|Action||Revise Valid Definition|
|Comment Period||Ends 8/4/2014|
Change of Definition of Valid
Thank you for the opportunity to submit written testimony on the proposed changes to 1VAC20-45-40. I write today on behalf of my organization, the Fair Elections Legal Network.
The Fair Elections Legal Network (FELN) is a nonpartisan organization based in Washington, DC, with a focus on election administration policy and practice. Since our founding in 2006, we have provided information and materials to voter registration and civic engagement groups across the country and have advocated for policy and practices that make the ballot box accessible for all eligible voters. We work with registrars in Virginia and have met with the Board of Elections on numerous occasions to address election administration issues. Additionally, I am a Virginia licensed attorney and serve as an election officer in Fairfax County.
The proposed change to the definition of valid for photo voter ID purposes complicates an already rushed implementation process, while possibly confusing voters in reaction to a nonexistent problem.
At a State Board of Elections hearing on June 10, board members heard testimony from community groups, voters, and county registrars, the very people tasked with enforcing this ID standard at the polls. The registrars present stated that an expiration date does not aid or hinder the ability of an election official to determine that a voter is who is pictured on an ID, which is the exact purpose of the new photo ID law. The SBE then voted to only take into consideration a voter’s name, picture and the authenticity of an ID when deciding whether an ID is “valid.” There was no testimony offered in support of requiring only unexpired IDs to serve as photo ID for voting purposes.
Senator Obenshain’s letter to the SBE, which prompted this reconsideration of the definition of valid, makes clear that he believes only IDs which serve their intended purpose outside of voting (driving or traveling internationally in the case of driver’s licenses and passports), and are therefore unexpired, should be eligible for voter ID purposes. The proposed replacement definition for valid of “having legal effect, legally or officially acceptable or of binding force” falls squarely within the demands of Senator Obenshain’s letter.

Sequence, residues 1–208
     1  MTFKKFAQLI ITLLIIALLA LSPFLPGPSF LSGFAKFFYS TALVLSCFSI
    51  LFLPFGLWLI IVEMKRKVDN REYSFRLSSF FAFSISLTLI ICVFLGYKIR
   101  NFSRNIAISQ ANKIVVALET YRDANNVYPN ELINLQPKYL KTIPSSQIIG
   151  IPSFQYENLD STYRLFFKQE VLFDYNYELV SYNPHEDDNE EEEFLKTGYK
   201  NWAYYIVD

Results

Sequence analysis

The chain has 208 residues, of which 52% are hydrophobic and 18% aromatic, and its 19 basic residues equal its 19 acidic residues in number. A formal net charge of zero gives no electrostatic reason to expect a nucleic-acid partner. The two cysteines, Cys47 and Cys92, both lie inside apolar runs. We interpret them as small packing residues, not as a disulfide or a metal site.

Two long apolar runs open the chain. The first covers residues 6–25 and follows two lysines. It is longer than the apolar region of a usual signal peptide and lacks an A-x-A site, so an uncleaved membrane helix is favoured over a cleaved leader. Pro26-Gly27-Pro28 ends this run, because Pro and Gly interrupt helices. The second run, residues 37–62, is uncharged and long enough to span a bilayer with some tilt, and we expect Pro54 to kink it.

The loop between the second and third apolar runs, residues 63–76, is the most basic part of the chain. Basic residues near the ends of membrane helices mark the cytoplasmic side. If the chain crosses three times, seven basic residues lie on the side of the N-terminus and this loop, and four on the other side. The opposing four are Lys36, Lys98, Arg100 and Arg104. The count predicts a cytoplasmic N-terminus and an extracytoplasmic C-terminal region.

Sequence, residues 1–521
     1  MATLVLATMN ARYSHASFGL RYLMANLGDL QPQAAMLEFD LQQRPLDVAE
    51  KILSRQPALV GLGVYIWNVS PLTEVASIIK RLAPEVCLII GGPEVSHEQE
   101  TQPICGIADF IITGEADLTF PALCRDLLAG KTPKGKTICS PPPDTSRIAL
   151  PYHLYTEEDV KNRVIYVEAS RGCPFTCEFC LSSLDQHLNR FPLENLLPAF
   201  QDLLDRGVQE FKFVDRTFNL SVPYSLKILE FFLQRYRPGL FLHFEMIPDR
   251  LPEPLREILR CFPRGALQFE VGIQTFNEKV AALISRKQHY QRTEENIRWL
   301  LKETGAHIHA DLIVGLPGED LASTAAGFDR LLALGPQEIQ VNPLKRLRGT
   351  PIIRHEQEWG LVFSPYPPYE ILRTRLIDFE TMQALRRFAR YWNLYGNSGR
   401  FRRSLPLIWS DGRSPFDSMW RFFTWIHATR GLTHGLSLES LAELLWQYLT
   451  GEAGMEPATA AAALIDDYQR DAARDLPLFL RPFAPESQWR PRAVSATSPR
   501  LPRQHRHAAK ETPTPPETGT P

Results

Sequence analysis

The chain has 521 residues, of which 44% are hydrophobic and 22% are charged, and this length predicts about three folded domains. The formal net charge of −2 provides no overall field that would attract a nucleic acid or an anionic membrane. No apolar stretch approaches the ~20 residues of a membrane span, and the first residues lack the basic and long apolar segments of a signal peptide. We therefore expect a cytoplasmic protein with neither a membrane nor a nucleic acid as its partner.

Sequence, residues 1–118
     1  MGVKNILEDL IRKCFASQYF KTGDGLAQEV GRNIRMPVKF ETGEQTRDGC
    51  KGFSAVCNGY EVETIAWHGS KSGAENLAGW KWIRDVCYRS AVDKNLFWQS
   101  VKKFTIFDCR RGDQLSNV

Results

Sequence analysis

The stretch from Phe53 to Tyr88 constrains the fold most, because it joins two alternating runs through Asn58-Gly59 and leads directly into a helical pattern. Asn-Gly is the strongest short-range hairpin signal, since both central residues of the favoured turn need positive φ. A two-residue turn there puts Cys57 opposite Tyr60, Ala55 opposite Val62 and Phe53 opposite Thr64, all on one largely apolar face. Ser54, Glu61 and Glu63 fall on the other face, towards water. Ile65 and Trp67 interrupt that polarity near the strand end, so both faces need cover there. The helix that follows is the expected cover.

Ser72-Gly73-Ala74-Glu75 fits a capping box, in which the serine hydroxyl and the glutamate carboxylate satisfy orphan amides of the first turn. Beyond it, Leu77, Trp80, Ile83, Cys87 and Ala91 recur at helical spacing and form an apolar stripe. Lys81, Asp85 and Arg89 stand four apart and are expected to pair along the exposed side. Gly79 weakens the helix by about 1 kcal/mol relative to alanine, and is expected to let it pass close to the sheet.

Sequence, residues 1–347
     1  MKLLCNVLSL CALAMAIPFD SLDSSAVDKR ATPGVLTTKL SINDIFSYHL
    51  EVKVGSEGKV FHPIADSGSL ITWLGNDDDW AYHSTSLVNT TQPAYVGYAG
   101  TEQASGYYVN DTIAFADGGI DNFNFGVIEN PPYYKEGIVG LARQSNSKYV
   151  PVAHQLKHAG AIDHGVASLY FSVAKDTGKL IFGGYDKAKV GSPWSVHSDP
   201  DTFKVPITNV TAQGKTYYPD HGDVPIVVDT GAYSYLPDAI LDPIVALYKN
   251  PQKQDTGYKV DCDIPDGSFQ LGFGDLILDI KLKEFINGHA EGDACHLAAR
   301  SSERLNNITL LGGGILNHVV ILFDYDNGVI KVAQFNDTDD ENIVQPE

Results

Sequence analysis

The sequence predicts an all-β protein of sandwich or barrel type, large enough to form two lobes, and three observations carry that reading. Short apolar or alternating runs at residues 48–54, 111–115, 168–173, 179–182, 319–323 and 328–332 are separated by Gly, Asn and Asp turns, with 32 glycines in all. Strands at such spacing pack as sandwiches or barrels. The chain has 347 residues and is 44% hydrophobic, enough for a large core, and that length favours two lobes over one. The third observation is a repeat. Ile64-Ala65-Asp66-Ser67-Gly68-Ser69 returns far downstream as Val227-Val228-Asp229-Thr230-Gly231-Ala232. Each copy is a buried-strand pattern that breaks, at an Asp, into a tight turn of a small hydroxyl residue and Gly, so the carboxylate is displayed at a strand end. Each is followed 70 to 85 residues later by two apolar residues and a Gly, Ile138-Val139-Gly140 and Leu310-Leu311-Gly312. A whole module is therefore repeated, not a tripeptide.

If an election official seeks to ensure that a voter is who they say they are when checking in to vote, having a genuine ID which provides their name and picture should suffice. Whether a voter’s passport or driver’s license has expired does nothing to make an ID with a picture any more or less genuine or fulfilling of the law’s purpose. If the intention is merely identification, an expired ID can serve this purpose and requiring voters to present an ID which has not lapsed provides unnecessary hurdles to voting under an ever-changing standard.
We need look no further than the free ID that Virginia will be providing to voters without ID to see that an expiration date is not needed to prove identity. The official Virginia Photo ID card for voters will not contain an expiration date.
Many student IDs and most employee IDs, both forms of acceptable photo ID under the current law, do not contain expiration dates. Moreover, if we require all IDs to serve the purpose for which they were originally intended, students would be required to prove their current status of enrollment at their university and workers would be required to prove employment status when using their employee ID. Requiring only some voters to prove the binding force of their ID, while allowing others to present an ID without an expiration date under a presumption of validity, creates two distinct classes of voters under the new ID law and denies all voters equal access to voting this November.
As in previous ID law implementation efforts, the SBE is relying on community partners to educate voters on what will be required to vote in November. Beginning on the first day of the laws validity, civic engagement groups across Virginia, including FELN, have worked to provide informative materials and to explain to voters what will be required of them this year at the polls. Changing the ID standard to require all IDs to be unexpired just weeks before Election Day will only serve to confuse voters and nullify any educational outreach which has been completed between implementation and the change.
If the General Assembly sought to require unexpired IDs as voter ID Senator Obenshain could, and should have stated that explicitly in the bill’s language as was done in a version requiring “current and valid” IDs. Changing the standards yet again mere weeks before Election Day ensures that fewer voters will cast a ballot that counts.